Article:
Australia’s housing disaster takes critical turn


The Albanese government’s target is to build 1.2 million homes over five years, requiring 20,000 homes to be built monthly.

On Thursday, the Australian Bureau of Statistics (ABS) released dwelling approvals data, which suggested the construction run rate is around 40% below the government’s target, with only 12,400 homes approved for construction in February in trend terms:

Monthly dwelling approvals

As shown above, in trend terms, monthly approvals have fallen to their lowest level since April 2012.


In annual terms, Australia’s dwelling approvals fell to 162,750, which is around 77,000 below the Albanese government’s housing target and the lowest reading since March 2013:

Annual dwelling approvals

The following chart plots dwelling approvals by state and shows that the decline has been led by the three largest jurisdictions, New South Wales, Victoria and Queensland:

Dwelling approvals by state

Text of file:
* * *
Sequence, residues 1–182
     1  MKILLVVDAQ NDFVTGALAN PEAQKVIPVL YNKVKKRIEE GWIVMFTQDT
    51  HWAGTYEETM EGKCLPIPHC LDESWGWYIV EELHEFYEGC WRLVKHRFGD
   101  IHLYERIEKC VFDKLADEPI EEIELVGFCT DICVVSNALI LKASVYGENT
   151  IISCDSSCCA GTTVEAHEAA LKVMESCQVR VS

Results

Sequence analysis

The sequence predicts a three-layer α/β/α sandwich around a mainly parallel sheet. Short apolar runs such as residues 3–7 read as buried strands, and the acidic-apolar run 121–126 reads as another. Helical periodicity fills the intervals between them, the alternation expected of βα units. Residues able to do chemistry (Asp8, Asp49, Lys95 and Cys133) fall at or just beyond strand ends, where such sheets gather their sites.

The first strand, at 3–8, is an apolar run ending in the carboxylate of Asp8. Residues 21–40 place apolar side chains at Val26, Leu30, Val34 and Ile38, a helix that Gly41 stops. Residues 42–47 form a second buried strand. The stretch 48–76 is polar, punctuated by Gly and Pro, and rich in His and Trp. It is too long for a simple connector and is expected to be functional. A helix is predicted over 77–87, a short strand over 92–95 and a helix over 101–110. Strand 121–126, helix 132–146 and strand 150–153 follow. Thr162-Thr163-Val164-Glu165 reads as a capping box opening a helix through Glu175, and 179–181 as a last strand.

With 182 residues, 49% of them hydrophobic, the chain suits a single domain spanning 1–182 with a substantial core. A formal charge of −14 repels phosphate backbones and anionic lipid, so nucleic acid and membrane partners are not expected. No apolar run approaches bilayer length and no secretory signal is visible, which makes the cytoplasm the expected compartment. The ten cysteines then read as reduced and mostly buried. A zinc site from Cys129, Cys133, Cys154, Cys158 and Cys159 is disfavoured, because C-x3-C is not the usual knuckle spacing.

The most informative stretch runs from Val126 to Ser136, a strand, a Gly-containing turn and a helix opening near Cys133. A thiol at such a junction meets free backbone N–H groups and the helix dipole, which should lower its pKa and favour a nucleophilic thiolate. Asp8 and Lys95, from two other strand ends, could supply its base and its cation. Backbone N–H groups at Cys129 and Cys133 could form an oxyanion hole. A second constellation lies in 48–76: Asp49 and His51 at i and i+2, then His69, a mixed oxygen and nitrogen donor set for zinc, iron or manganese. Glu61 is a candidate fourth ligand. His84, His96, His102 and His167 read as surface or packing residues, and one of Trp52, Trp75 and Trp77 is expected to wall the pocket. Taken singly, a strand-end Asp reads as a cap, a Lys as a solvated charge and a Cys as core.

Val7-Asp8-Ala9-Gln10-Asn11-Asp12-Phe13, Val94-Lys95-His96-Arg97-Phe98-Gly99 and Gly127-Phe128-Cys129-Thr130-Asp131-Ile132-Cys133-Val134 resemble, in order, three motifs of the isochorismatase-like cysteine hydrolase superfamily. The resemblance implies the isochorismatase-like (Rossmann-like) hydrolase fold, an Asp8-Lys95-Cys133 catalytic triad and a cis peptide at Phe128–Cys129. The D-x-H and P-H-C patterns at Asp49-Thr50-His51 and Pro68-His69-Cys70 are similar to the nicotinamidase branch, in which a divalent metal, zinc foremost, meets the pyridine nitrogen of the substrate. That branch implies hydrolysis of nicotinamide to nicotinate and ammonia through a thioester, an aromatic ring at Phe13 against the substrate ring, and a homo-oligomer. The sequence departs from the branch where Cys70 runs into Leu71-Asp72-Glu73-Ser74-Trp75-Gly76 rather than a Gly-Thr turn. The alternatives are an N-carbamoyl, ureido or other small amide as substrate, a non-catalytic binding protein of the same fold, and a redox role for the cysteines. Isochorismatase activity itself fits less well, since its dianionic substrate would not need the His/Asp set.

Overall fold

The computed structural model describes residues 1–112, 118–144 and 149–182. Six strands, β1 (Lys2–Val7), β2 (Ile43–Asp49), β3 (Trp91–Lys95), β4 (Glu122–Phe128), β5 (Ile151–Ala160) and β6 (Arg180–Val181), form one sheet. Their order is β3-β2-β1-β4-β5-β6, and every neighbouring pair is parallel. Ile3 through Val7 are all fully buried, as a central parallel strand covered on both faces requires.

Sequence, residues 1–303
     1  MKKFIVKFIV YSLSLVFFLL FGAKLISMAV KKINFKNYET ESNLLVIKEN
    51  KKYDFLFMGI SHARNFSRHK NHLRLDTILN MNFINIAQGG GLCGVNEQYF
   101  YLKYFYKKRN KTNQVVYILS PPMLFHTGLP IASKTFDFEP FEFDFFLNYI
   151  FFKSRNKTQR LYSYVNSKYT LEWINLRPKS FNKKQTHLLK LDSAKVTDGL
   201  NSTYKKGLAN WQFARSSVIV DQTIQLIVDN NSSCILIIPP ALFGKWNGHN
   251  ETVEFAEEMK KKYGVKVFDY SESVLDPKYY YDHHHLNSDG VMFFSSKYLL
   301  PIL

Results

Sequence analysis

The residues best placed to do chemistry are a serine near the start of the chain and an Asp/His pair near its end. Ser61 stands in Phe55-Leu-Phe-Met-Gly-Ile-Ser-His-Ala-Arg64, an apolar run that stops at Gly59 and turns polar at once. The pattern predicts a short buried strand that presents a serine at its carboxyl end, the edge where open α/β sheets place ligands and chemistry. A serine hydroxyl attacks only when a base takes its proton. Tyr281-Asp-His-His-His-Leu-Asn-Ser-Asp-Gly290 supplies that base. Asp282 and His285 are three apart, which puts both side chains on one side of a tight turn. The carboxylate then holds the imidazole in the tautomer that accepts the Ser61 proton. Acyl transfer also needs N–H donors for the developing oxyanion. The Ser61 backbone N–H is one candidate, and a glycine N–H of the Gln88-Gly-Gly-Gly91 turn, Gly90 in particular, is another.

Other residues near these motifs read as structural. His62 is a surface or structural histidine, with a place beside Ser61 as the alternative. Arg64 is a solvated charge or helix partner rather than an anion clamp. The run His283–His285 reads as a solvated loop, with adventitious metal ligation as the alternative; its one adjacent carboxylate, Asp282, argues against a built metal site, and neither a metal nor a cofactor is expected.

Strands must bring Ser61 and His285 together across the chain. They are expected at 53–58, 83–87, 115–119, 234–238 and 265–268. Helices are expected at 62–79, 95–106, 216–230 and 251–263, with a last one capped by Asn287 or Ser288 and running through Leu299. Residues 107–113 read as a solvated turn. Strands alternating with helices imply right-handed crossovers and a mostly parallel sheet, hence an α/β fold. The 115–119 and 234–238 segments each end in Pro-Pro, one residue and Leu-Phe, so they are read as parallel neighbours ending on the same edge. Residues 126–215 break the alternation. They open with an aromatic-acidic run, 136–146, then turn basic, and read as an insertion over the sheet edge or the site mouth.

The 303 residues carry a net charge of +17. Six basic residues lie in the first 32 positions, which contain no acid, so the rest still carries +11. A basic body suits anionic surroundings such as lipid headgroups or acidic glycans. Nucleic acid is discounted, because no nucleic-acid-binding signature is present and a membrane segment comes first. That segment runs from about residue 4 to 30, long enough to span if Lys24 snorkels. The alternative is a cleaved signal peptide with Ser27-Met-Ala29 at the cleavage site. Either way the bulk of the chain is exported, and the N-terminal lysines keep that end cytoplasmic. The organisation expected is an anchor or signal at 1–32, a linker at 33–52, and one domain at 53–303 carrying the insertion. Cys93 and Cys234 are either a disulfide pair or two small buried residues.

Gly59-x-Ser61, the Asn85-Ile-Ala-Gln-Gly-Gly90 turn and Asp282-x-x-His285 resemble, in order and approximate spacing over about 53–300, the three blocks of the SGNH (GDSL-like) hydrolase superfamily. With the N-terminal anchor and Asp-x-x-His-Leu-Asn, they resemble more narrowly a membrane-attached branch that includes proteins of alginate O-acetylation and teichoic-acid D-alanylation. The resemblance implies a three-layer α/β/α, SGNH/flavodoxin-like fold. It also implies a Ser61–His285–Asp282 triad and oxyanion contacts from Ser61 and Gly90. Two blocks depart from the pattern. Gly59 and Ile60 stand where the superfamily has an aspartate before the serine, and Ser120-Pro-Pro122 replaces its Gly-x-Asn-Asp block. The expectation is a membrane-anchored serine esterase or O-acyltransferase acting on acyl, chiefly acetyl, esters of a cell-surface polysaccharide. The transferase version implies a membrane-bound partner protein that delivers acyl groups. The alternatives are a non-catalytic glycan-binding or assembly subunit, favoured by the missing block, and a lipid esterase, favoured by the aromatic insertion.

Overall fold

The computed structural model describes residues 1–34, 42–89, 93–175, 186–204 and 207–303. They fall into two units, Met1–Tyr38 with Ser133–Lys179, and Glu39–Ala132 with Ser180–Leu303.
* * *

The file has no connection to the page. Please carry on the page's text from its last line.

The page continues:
The collapse in approvals is problematic since it has coincided with the largest immigration and population surge in Australia’s history, which saw the nation’s population swell by a record 660,000 people in the year to September 2023:

Australian population change

The latest population data from the ABS showed that 82% of Australia’s population growth last financial year was in the capital cities.

However, dwelling approvals across the combined capitals collapsed to only 117,500 in the year to February, which was the lowest reading since March 2013:

Dwelling approvals capital cities

No matter which way you slice the data, it is disastrous for Australian tenants, who are already suffering from the lowest rental vacancy rates on record and soaring rental inflation.

Rental vacancy rates

The Albanese government’s housing targets have no hope of being achieved, and the gap between housing construction and immigration-driven demand continues to grow.

Median advertised rents

By recklessly engineering the biggest migration boom in history, the Albanese government has consigned Australian tenants to a future of permanent shortages, rental stress, shared housing, and homelessness.

Australian renters should be marching with rage in the streets at the harm being inflicted upon them.

About the author
Leith van Onselen is Chief Economist at the MB Fund and MB Super. He is also a co-founder of MacroBusiness. Leith has previously worked at the Australian Treasury, Victorian Treasury and Goldman Sachs.